Cold Fury

Harshing your mellow since 9/01

Prohibition challenged

David Harsanyi was good enough to e-mail me his latest, and once again, I gotta say I’m with him:

What happens when presidents from more than 100 of the nation’s best-known colleges call on lawmakers to consider lowering the drinking age from 21 to 18? Well, a brigade of hyperbolic mommies start screaming at them, that’s what.

In the Amethyst Initiative, college presidents have offered a rational, if counterintuitive, plan. Let’s stop treating young adults like wards of the state. Mothers Against Drunk Driving (naturally) replied: No debate allowed.

There is plenty of empirical evidence suggesting that the drinking age of 21 is counterproductive. To begin with, it bars parents from educating their own children about alcohol and, like all prohibitions, it fosters criminality.

“Kids are going to drink whether it’s legal or illegal,” explains Johns Hopkins President William R. Brody. “We’d at least be able to have a more open dialogue with students about drinking as opposed to this sham, where people don’t want to talk about it because it’s a violation of the law.”

Sham, indeed. It begins with the demonization of alcohol. (Mothers Against Drunk Driving once compared alcohol to heroin.) Imbibing is a satisfying and highly pleasurable way to spend a couple of hours. It is completely harmless for the majority of adults. Let’s not pretend otherwise.

And by outlawing even the moderate use of alcohol among young adults, society creates a forbidden fruit. It drives students off campus and underground. It creates an incentive to drink as much as possible in the shortest amount of time possible.

Some people, in their eagerness to lecture, moralize, and control, share a certain unworthy trait with liberals: they refuse to learn from the failure of Prohibition and instead insist on more of the same “solution” to what really ought not be a problem in the first place.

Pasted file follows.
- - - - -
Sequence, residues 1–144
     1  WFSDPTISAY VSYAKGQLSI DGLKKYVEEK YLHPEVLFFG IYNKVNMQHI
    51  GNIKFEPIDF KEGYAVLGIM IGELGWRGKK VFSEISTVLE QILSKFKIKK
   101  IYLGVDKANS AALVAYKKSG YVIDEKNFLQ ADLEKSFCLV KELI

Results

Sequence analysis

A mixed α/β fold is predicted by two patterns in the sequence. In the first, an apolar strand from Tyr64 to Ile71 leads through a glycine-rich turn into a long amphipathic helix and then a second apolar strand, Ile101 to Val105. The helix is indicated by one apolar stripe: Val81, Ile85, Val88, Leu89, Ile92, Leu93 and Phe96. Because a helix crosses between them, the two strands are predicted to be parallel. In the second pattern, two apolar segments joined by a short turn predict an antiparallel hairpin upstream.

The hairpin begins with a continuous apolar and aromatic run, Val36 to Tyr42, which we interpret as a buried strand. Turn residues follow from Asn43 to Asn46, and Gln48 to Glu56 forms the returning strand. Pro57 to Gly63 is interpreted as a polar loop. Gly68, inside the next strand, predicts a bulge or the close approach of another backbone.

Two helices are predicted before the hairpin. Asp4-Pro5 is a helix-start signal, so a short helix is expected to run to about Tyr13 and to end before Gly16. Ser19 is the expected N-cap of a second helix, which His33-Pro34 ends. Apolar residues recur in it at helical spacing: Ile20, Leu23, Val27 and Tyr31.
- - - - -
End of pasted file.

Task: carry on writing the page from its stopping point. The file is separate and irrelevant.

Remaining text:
And here’s a funny related story: years ago, several of us drove down to Atlanta to see Iggy Pop at the old 688 Club, I think it was. NC had already upped its drinking age to 21 under threat of federal blackmail, which is another thing conservatives are supposed to be against. Anyway, we arrived, and made our way through the line to the entrance, where IDs were being checked pre-admittance. Last we’d heard, the drinking age in Georgia was still 18, as it had been when we’d driven down to see the Ramones at the Agora not long before.

My cousin Mark had just turned 18, and was looking forward to seeing a show legally for the first time since NC raised the drinking age. So you can imagine his dire chagrin when he presented his driver’s license to the door ward, all smiles, and had the guy hand it back to him with a snippy, “Sorry, you can’t get in.” Mark was stupefied by the injustice of it all, and stood there slack-jawed and goggle-eyed for a moment before attempting to hand the card back to him for another look, as if the guy had somehow misread it or was incapable of doing the necessary math. It was only then that we learned of Georgia’s sad capitulation to the iron hand of the Federal G.

Poor old Mark ended up going back to the hotel and watching Johnny Carson while the rest of us enjoyed a damned amazing show. Harsanyi makes what for me, and anyone else opposed to the encroachment of the Nanny State on American liberty, will always be the crucial point:

to There is no politician who has the audacity to take on MADD, anyway. No one wants to be accused of willfully hurting children.

Yet, even if MADD were right, the safety of the “children” should never be the sole basis for public policy. Call them naïve or idealistic, but there are still people in this country who believe the word “freedom” matters as well.

Indeed it does. Or should, anyway.

Update! Good stuff from Goldstein: